Slave trading became illegal in 1820 and it was considered a form of piracy. The sentence was death, but this law remained unenforced until the time Lincoln was elected president. That election opened the Civil War and the fight between North and South settled things in the end, even if blood poured and the Southern mentality was still standing. Some ships were captured and some slaves romped their freedom thanks to the American and British squadrons: the Americans captured 24 ships and released 4.945 Africans and the British captured 595 slavers and released 45.612 slaves; in the end, 1862 was the year when American participation in the slave trade was cut off (they finally agreed to sign the treaty and the American flag lost its immunity).

In 1867 the British squadron was withdrawn from the African coast, the fact that was recognized by the entire world as the end of the slave trade. This terrible action was present in the New World’s history for almost four centuries and the fight to end it was an unexpectedly slow process, all because of human greed that, unfortunately, is still a fact of life today.

1.2. The Lives of Slaves. Being a slave is something that no one in this world would accept, but blacks had no choice. According to John C. Calhoun, who was a model for the secessionists, slaves had certain features, physical characteristics that other races did not have and which made them perfect for hard labor and for bondage. It was true that they were capable of working very hard compared to whites, but it was also something that they had to do because slavery is not a lifestyle, it is something maleficent. Slaves, on the other hand, had their own opinion that this “peculiar institution”, how slave-owners called it, was equivalent to exertion. And this was a matter of discrimination and race problems which were present especially in slave states in Southern U.S.A. like Georgia, South Carolina, Virginia, Mississippi, Alabama, etc.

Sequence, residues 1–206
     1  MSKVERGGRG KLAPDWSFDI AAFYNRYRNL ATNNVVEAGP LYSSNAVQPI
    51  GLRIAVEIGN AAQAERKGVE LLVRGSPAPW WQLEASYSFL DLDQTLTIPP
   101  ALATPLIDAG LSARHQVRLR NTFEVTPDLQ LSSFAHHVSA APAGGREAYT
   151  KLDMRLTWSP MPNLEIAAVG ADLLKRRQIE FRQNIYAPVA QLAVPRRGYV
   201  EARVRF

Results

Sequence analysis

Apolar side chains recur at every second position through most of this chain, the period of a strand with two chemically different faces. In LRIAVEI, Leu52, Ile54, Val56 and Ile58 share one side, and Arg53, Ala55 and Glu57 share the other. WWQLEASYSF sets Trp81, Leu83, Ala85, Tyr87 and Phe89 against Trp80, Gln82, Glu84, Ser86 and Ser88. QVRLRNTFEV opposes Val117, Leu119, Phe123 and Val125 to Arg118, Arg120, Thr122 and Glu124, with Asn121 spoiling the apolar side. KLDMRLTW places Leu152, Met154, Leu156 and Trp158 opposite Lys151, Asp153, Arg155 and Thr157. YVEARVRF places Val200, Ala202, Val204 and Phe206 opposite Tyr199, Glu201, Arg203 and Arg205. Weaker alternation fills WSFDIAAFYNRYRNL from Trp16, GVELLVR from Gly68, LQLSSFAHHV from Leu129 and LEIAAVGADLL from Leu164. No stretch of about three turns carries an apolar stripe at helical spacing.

Discrimination and slavery had a major influence on those who were held in bondage because they were deprived of rights. They felt the lack of social and legal status, their private lives did not exist anymore, but the thing that affected them most was the absence of a vital right: having authority over their own life. Francis Gaines call to mind that it was said that due to the African character they did not suffer so much and they were capable of being happy and accept their status. They were “quick to respond to the stimulus of joy, quick to forget their grief.” (Gaines 244). A wrong thing was that most masters had the vague impression that they knew their slaves. They actually knew nothing about the way they felt, but for no reason, the servants danced as the master sang and did not let him or her know the truth about their lives.

Slaves did exactly what pleased the master: they said what he wanted to hear, acted in a way so that they would not disappoint them, and did what they were told. Moreover, the planters had the idea that slaves did not know what freedom is or they did not understand it, but things weren’t like that at all. Slaves knew what freedom meant, knew what possibilities they could have if they were free and they knew it only because they observed how things unfold. They saw how their masters, the master’s guests, and also other free men lived and they concluded a definition of true life. Another thing concerning this perspective of freedom was also the fact that all knew that emancipation of Negros was no fairy tale because of the concrete cases.